further bottlenecks downstream from us, then that's kind of
      irrelevant; I'm having a hard time seeing whether or not that is the
      case.

      Confused,
      David Carlton
      carlton@...
    • David Carlton
      ... Some reactions: * Yes, it is worrying: I am worried! * We have a few kinds of quality problems. I think we re getting better on outright bugs, though
      Message 47 of 47 , Oct 9, 2006
        On Mon, 09 Oct 2006 09:41:26 +0100, allan kelly <allan@...> said:

        > David Carlton wrote:
        >> We have had (monthly) regular internal releases in the past. We've
        >> had two problems with those, though:
        >>
        >> * They're not real releases: nobody in the outside world is keeping us
        >> honest as to their quality. We try to do a good job of keeping
        >> ourselves honest, but an internal release (or even one for partners)
        >> just isn't the same as an external release.

        > I find this worrying. It sounds like people only take quality
        > seriously when a customer is in sight. So, for the first 11 months
        > of a 12 month project quality can take a holiday.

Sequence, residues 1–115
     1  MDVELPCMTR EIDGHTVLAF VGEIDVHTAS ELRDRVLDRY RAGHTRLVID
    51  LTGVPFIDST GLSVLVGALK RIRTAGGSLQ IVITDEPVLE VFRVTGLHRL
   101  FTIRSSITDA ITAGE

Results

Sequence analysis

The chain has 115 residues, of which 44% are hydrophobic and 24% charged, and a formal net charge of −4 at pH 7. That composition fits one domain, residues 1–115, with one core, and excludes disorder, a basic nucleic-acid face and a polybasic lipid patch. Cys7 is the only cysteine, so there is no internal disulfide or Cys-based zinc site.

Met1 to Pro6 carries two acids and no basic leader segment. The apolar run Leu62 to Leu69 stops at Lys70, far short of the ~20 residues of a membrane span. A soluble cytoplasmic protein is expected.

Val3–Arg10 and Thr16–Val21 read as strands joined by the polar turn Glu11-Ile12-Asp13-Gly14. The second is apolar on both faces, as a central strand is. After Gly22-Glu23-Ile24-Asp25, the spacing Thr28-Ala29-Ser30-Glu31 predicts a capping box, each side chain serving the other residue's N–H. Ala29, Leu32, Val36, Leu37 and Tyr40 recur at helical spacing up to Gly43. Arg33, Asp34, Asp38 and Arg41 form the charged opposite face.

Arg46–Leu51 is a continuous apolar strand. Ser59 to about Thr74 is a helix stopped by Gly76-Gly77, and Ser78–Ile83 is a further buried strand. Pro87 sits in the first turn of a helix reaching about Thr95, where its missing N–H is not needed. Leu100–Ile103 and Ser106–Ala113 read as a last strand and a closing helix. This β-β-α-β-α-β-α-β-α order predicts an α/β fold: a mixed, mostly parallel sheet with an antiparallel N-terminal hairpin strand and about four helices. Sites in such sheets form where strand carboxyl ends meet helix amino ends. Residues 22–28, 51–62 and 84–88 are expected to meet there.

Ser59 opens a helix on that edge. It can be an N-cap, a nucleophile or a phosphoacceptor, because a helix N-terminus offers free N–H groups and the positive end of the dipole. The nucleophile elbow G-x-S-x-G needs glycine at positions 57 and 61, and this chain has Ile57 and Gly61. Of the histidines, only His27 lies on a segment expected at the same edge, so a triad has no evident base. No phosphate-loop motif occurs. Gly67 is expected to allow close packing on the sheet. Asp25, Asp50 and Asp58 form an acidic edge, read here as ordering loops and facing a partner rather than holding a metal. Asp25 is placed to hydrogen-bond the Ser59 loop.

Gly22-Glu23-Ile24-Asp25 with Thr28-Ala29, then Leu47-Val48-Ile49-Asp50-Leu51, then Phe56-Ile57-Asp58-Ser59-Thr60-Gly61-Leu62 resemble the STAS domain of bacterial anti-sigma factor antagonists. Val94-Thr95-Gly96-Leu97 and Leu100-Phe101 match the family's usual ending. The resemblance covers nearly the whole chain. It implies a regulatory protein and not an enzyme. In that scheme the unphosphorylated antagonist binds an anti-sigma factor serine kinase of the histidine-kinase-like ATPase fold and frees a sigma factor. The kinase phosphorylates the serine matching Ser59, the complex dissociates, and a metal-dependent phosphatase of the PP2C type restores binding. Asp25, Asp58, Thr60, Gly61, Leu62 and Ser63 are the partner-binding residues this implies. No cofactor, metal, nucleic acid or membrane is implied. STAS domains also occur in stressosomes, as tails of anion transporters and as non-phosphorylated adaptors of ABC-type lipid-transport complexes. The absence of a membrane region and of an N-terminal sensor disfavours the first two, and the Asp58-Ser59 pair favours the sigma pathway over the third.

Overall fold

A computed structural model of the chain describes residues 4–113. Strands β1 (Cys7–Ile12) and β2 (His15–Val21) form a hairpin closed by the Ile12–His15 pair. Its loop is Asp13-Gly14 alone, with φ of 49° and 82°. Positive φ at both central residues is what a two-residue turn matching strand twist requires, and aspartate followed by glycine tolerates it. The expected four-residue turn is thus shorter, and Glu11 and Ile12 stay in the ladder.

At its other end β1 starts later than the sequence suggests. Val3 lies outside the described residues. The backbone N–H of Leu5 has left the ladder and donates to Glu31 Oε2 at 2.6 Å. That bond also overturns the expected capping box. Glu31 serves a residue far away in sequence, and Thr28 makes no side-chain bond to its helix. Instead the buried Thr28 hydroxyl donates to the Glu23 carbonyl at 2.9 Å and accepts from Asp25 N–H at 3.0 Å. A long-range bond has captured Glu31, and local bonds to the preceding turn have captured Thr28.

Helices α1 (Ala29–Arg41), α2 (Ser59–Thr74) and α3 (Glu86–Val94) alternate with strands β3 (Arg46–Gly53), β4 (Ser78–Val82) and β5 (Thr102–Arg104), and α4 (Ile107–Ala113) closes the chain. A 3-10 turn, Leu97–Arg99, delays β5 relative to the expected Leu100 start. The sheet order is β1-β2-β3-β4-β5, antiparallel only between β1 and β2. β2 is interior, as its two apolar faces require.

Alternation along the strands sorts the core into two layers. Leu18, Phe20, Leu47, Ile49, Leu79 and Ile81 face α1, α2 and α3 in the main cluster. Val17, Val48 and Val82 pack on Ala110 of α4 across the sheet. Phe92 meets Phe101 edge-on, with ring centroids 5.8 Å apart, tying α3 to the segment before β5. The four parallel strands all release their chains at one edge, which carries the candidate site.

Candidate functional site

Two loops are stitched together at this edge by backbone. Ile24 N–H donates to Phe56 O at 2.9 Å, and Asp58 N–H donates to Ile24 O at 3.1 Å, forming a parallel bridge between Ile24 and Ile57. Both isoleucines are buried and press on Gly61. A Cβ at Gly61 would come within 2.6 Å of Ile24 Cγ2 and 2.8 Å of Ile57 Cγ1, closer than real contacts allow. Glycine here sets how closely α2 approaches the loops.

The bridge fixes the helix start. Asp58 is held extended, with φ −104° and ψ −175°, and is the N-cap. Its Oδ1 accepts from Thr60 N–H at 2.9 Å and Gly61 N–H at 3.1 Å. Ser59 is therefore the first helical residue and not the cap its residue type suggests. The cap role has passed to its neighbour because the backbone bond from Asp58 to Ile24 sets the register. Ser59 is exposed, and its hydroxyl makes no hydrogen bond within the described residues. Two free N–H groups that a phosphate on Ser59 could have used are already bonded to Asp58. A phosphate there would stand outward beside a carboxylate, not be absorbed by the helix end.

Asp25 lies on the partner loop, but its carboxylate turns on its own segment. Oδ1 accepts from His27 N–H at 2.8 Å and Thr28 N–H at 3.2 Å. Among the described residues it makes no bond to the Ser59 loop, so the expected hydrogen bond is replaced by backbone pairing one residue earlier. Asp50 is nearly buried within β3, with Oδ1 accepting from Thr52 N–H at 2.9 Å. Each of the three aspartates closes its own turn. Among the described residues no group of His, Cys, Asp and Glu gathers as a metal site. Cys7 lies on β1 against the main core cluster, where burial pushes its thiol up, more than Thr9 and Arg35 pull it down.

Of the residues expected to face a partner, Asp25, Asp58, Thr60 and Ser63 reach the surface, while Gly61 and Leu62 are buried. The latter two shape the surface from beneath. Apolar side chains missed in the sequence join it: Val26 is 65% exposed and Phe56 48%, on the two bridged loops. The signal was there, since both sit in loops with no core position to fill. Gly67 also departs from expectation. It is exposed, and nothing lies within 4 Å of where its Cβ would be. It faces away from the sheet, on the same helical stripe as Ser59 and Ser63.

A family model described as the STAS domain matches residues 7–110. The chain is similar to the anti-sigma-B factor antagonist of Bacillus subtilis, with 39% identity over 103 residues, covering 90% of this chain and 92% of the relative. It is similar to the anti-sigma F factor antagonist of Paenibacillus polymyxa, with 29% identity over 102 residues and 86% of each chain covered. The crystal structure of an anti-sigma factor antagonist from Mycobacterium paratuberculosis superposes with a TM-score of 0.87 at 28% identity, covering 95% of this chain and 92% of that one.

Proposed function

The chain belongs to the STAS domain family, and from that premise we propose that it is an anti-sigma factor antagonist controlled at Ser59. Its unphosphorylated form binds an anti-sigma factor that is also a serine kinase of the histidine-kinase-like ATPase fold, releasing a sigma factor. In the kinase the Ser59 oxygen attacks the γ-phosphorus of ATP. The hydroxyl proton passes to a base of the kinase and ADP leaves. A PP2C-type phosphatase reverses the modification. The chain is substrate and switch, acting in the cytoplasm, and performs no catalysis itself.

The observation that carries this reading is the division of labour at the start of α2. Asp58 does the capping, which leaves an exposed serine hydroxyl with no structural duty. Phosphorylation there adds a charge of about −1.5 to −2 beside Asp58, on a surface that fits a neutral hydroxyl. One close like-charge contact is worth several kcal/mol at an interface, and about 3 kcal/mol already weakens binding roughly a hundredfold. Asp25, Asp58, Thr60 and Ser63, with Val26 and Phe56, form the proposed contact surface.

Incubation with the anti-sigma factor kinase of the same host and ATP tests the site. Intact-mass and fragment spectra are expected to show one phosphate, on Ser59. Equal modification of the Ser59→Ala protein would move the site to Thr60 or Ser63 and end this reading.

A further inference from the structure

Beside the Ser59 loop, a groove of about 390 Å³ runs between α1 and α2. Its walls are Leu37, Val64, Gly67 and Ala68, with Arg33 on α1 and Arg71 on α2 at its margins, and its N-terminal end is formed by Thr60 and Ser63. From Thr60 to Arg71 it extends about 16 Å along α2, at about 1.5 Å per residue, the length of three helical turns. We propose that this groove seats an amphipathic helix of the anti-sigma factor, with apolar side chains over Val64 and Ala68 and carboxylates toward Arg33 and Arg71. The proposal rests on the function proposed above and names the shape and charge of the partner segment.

Some reactions:

        * Yes, it is worrying: I am worried!

        * We have a few kinds of quality problems. I think we're getting
        better on outright bugs, though there's room to go there.
        Specification mismatches seem to be a harder problem to solve.

        * I don't think I'm unique in feeling that internal releases are
        different from external releases. It's the same sort of reasoning
        that recommends that, in XP speak, your Customer be an actual
        customer, not a customer representative. Or that your daily
        deployments (if you're that far) actually deploy, they're not just
        builds that could be deployed. There's a reason why the value
        stream map ends when the customer actually gets the value, after
        all. :-)

        >> * They're sometimes not fast enough - if we learn now that a big
        >> potential customer wants to start a trial in three weeks, and new
        >> feature X is necessary for the trial, then sticking to a monthly
        >> heartbeat isn't going to do us much good.

        > There are few ways to tackle this.

        > Firstly, this seems to contradict your point above. Surely you want
        > to stay as close to release quality at all times so you can just
        > take what your working on, add feature X and ship it over? Provided
        > your internal releases were good quality this wouldn't be a problem.

        And, indeed, our internal releases are good enough quality that this
        isn't a problem: we have successfully created trial releases in short
        order. All I'm saying is that it means that we're not on a regular
        monthly heartbeat.

        > Second consider what you call your releases. Say your internal
        > releases were called Beta, and you had 4 iterations to each release.